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Charity in Jewish, Christian, and Islamic Traditions / Julia Lieberman, Michal Rozbicki

Availability: In stock
£24.95

This collection of essays by a team of international scholars addresses the topic of Charity through the lenses of the three Abrahamic religions: Judaism, Christianity and Islam. The contributors look for common paradigms in the ways the three faiths address the needs of the poor and the needy in their respective societies, and reflect on the interrelatedness of such practices among the three religions. They ask how the three traditions deal with the distribution of wealth, in the recognition that not all members of a given society have equal access to it, and in the relationship of charity to the inheritance systems and family structures. They reveal systemic patterns that are similar--norms, virtue, theological validations, exclusionary rules, private responsibility to society--issues that have implications for intercultural and interfaith understanding. Conversely, the essays inquire how the three faiths differ in their understanding of poverty, wealth, and justifications for charity.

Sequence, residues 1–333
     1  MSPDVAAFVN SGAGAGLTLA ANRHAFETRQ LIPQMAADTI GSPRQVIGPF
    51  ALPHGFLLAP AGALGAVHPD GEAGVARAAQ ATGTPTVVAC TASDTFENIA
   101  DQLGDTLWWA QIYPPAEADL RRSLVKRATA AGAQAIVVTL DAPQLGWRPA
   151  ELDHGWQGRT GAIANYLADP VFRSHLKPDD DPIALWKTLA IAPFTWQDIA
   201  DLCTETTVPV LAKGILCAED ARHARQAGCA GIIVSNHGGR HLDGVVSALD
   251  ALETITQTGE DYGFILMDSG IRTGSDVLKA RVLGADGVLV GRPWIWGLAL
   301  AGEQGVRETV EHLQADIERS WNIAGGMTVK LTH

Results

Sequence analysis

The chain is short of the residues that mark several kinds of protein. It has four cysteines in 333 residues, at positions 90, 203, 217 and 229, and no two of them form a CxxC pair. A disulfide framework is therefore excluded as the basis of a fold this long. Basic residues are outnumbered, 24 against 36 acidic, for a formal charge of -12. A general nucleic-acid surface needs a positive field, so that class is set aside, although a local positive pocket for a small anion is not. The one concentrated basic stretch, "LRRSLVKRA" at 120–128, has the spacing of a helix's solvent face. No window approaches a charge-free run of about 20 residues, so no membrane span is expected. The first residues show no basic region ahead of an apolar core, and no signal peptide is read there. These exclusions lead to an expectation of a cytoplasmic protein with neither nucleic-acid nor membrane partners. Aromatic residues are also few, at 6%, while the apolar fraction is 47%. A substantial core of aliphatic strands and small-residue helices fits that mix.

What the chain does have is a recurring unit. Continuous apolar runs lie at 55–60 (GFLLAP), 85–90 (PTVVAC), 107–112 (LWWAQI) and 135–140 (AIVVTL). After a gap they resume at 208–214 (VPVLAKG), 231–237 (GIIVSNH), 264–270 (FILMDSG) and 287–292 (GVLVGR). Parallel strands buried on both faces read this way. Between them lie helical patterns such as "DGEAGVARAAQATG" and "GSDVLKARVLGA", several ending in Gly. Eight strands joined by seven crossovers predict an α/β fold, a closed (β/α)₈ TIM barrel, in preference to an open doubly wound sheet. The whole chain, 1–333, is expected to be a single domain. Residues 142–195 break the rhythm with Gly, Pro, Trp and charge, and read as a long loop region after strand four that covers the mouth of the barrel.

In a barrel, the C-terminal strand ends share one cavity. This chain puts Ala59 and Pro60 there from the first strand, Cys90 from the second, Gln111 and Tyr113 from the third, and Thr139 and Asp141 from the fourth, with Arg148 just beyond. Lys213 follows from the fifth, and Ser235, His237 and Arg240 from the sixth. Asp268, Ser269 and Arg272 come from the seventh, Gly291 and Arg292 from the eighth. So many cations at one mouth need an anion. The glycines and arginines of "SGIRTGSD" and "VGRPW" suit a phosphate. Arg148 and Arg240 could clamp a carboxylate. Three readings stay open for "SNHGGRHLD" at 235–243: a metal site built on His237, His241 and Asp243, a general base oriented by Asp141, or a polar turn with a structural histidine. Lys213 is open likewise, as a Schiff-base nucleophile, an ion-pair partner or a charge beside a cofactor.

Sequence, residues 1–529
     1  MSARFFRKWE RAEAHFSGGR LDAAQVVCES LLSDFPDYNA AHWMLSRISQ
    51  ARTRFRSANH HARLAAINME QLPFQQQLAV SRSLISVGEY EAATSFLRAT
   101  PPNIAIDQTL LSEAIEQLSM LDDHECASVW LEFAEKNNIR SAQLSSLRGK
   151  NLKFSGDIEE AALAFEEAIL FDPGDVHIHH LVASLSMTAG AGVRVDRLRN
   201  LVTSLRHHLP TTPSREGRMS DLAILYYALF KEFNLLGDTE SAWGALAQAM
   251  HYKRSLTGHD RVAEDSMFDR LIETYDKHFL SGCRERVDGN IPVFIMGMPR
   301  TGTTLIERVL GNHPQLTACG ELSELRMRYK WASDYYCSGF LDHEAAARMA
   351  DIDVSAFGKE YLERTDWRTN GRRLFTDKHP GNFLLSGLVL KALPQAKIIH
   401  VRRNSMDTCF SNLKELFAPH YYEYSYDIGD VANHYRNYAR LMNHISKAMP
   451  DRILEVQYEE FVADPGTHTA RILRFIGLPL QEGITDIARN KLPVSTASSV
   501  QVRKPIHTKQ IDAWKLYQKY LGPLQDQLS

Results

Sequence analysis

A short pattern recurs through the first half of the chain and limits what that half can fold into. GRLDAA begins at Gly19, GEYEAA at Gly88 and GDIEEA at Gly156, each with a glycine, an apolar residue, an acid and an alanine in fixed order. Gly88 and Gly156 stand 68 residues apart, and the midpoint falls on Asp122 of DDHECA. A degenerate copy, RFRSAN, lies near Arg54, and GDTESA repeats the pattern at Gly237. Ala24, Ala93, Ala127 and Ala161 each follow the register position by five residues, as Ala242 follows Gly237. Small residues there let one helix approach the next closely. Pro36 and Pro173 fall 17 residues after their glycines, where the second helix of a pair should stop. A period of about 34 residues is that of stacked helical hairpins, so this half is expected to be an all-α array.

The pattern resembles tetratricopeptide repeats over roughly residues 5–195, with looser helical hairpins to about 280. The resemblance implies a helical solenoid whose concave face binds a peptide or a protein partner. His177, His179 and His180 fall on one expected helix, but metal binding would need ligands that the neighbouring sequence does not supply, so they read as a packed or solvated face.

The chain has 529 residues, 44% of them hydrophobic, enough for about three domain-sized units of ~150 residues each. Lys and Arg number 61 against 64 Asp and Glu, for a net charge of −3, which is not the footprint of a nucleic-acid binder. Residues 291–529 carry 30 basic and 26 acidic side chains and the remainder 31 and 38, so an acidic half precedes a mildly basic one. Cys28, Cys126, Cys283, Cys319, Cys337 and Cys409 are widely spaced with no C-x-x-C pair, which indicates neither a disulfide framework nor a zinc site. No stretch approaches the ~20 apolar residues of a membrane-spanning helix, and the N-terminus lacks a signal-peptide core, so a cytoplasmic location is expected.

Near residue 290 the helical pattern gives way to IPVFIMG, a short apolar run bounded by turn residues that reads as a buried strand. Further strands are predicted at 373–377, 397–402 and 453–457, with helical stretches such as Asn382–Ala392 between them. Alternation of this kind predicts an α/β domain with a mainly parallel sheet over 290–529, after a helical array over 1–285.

This collection of essays by a team of international scholars addresses the topic of Charity through the lenses of the three Abrahamic religions: Judaism, Christianity and Islam. The contributors look for common paradigms in the ways the three faiths address the needs of the poor and the needy in their respective societies, and reflect on the interrelatedness of such practices among the three religions. They ask how the three traditions deal with the distribution of wealth, in the recognition that not all members of a given society have equal access to it, and in the relationship of charity to the inheritance systems and family structures. They reveal systemic patterns that are similar--norms, virtue, theological validations, exclusionary rules, private responsibility to society--issues that have implications for intercultural and interfaith understanding. Conversely, the essays inquire how the three faiths differ in their understanding of poverty, wealth, and justifications for charity.